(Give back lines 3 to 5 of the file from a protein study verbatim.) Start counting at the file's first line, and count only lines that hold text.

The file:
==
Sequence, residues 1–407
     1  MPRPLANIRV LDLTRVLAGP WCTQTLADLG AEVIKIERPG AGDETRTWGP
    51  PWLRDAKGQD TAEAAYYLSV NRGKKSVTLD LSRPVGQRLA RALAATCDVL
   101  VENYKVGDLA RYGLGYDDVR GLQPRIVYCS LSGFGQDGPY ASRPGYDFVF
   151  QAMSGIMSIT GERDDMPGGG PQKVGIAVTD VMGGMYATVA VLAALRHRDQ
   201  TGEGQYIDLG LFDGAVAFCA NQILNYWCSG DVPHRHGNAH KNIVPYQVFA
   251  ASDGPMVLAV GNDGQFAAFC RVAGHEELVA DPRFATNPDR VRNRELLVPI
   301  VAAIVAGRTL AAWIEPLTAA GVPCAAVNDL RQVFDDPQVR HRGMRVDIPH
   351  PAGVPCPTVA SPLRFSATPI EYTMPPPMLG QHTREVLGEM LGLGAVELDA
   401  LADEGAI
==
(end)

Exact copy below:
    51  PWLRDAKGQD TAEAAYYLSV NRGKKSVTLD LSRPVGQRLA RALAATCDVL
   101  VENYKVGDLA RYGLGYDDVR GLQPRIVYCS LSGFGQDGPY ASRPGYDFVF
   151  QAMSGIMSIT GERDDMPGGG PQKVGIAVTD VMGGMYATVA VLAALRHRDQ